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LGBTI

Hong Kong must show greater commitment to equality

A law permitting same-sex marriage similar to that in Australia is only a dream for many in the city, but the government should face the issue and not ignore it

PUBLISHED : Tuesday, 12 December, 2017, 1:07am
UPDATED : Tuesday, 12 December, 2017, 1:07am

Imagine the Hong Kong government polling citizens on a gay marriage law through a territory-wide referendum, lawmaker Raymond Chan Chi-chuen openly proposing to his same-sex partner upon the passage of such a law and jubilation erupting inside and outside the Legislative Council chamber – all taking place within just a few months.

Regrettably, what happened in Australia may only be a dream for many fighting for marriage equality in the city. The sad reality is that not only are we just nowhere near that stage, but also we do not even know where we are. The wavering or ambiguous attitudes of previous governments mean our progress on this front has been one step forward, two steps back. The stance of the incumbent administration is no more forthcoming.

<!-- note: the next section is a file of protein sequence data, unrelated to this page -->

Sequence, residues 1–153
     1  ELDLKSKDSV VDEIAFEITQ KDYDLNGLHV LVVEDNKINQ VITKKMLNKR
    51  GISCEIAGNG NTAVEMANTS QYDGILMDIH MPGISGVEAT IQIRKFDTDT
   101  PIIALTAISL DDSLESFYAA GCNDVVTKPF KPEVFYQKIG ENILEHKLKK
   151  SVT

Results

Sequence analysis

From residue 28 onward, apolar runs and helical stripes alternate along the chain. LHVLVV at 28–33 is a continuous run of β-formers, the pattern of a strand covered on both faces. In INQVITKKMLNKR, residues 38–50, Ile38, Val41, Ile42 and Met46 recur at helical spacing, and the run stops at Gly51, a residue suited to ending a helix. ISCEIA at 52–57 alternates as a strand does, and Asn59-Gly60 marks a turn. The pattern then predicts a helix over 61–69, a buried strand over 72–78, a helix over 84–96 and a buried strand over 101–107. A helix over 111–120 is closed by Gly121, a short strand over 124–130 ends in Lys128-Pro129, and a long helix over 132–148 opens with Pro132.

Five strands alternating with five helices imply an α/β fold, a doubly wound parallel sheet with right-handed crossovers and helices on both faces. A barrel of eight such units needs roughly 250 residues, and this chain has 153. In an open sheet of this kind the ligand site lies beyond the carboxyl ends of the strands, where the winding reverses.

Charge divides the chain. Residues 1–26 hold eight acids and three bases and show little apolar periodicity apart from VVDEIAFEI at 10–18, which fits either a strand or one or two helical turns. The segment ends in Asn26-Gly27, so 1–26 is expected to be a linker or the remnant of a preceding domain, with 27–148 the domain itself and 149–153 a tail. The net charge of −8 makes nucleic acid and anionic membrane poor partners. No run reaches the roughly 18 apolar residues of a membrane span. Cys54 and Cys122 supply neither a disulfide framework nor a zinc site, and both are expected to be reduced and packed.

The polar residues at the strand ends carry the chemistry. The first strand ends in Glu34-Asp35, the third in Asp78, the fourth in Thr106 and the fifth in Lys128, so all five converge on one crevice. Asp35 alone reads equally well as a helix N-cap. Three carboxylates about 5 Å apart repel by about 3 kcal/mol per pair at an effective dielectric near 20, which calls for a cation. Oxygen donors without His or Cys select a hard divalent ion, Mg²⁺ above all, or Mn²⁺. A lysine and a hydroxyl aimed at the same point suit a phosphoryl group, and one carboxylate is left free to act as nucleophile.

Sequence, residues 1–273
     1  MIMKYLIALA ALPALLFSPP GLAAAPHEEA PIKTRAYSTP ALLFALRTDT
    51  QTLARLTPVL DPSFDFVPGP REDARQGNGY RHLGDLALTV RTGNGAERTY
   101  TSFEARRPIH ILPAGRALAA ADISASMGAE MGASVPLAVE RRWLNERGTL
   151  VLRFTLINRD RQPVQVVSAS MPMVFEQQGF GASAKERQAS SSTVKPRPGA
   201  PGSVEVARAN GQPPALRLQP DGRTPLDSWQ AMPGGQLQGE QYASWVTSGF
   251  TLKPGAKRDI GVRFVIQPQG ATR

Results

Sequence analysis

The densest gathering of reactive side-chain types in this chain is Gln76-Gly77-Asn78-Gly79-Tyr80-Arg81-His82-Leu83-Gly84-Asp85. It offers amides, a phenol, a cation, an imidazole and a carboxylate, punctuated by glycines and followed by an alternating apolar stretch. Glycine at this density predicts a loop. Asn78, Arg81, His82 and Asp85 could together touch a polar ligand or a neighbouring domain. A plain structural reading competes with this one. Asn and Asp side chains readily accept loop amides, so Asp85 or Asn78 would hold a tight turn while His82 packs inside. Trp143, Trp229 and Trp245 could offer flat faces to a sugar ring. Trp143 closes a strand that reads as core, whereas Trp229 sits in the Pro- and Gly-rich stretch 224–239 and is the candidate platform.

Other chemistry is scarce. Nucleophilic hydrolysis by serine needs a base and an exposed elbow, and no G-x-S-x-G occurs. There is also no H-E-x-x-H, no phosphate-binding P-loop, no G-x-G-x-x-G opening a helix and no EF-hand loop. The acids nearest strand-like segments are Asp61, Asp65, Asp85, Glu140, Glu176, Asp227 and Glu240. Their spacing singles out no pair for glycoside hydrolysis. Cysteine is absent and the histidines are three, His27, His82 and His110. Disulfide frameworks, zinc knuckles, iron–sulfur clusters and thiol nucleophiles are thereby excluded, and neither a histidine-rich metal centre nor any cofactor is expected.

The world certainly does not change because Australia has joined ranks with 25 other countries to legalise same-sex marriage. But the swift passage of the law is perhaps an experience to draw on. The dramatic decision stemmed from a government undertaking to resolve the issue with a nationwide mail survey, which gave a clear direction on the way forward with the yes-no responses at 61.6 and 38.4 per cent respectively. A bill was then tabled and passed almost unanimously by parliament last week.

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It is difficult to imagine the same quasi-referendum being implemented in Hong Kong. The previous government even went back on its promise of having a public consultation on anti-discrimination legislation, presumably because such a step was already too controversial. There are those who question whether it is right to put the issue to a public vote. While public acceptance is important for legislation of any kind, the issue is about minority rights rather than majority views.

A law to protect gay people against discrimination is already contentious. Legalising same-sex marriage is even more so, but the issue will not go away just because it is cast aside. Swift as it seemed, the Australian law also came after bitter wrangling and disputes.

The local government should show more commitment to protecting equality.